WASHINGTON — One of the chief goals of the Dodd-Frank Act was to end the notion of "too big to fail," but months after the law's enactment, a debate persists over whether that goal will be met.
Perhaps no section of the law is more critical to that discussion than the Federal Deposit Insurance Corp.'s power to unwind failing giants.
Supporters argue such power ensures the government can fail a large, systemically important company without causing stress to the financial markets. But critics charge such authority will do the opposite, and instead give the government flexibility to bail people out.
"It's going to be … difficult for the FDIC to convince people" that the resolution authority "will work without having a real, live example of it working," said Heath Tarbert, a senior counsel at Weil, Gotshal & Manges LLP and a former counsel to the Senate Banking Committee.
Until then, questions over the government's new powers are academic. Will it actually use those powers to close a company? Will the FDIC really be able to prevent systemic fallout?
For now, the FDIC's immediate challenge is to create rules that can help persuade skeptics the era of big bailouts is over.
"I know 'too big to fail' became ingrained in the architecture, and is built into everyone's thinking," FDIC Chairman Sheila Bair said in an interview. "Dislodging that is going to be difficult. We're quite determined."
The FDIC is expected early next year to propose comprehensive rules laying out how such an unwinding would take place. A precursor came in October with a narrower proposal clarifying which creditors of failed institutions could get government relief beyond what other creditors receive.
At the time, the agency warned that it planned to be stingy, providing extra coverage only for creditors that provide a firm's essential services that are needed during the course of a receivership. Officials also said a number of times that all creditors in a seizure should expect losses.
Observers said the agency could issue a broader rule that further undermines market expectations of a government backstop.
"If the FDIC constructs a meaningful, credible plan for resolving some of these really large institutions — particularly in the nondepository side, where the FDIC historically has not had expertise — that would be a credible threat" to the market, said David Min, associate director of financial markets policy at the Center for American Progress. "To have that credible threat would be important."
But it is still hard to find anyone who believes that the resolution authority signals the end of "too big to fail."
"It does not stop 'too big to fail,' and it's not possible to stop 'too big to fail,' " said Bradley Sabel, a partner at Shearman & Sterling LLP and a former official at the Federal Reserve Bank of New York.
"Almost by definition," Sabel said, "the entities that are too big to fail have international operations. … If any significant amount of assets or funding or both is in those operations, it is either very difficult or simply not possible for the FDIC to automatically take possession of them in either a liquidation or sale."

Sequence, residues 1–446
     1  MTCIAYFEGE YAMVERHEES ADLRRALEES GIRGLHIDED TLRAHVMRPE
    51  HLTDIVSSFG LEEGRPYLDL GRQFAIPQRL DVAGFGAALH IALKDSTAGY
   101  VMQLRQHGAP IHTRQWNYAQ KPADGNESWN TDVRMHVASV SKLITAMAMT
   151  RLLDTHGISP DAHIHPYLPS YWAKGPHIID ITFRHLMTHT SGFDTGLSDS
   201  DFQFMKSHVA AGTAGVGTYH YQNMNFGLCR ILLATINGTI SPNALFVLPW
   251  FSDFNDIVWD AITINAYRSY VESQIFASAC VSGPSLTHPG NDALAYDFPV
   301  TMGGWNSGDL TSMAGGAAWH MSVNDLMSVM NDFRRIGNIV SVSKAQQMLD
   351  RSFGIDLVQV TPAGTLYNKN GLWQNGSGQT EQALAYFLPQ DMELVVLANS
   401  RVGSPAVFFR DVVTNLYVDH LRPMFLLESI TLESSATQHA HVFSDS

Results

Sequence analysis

At the height of the crisis, policymakers saw a gaping hole in the fact there was no government mechanism — as there was for resolving a failed bank — for closing a systemically important nonbank such as a holding company or a brokerage firm.
The lack of a wind-down mechanism was blamed in large part for the government's scrambling when Bear Stearns Cos. fell apart; for the unprecedented bailouts of Bank of America Corp., Citigroup Inc., American International Group and others; and for the chaos that followed Lehman Brothers' bankruptcy.
Much of the debate surrounding Dodd-Frank envisioned a new mechanism by which regulators could exempt a systemically important firm from bankruptcy, and appoint the FDIC as its receiver with the mission of preventing a wider meltdown. The FDIC and others supported having giant firms pay assessments into a $50 billion fund that would support the new resolutions.
But for opponents of the bill, especially in the Senate, the new resolution capability, particularly the fund, was viewed as a recipe for more bailouts. Some opponents instead supported reforming the bankruptcy process as a means to contain the systemic impact of a failure. They wanted no flexibility.
When "you put the honey pot out there, sometimes it's going to be used in unintended ways," Sen. Richard Shelby, R-Ala., the top Republican on the Banking Committee, said in March.
Although proponents of the provision contended that the fund was an operational tool to support the FDIC's management of a receivership, it was eventually taken out under a compromise between Shelby and Connecticut Democrat Chris Dodd, the panel's chairman. Their agreement included other restrictions on the government's ability to award bailouts.
Under the new law, the administration, with concurrence from regulators, decides whether a large firm should be resolved through the FDIC mechanism, rather than through bankruptcy, to prevent the failure from affecting other companies.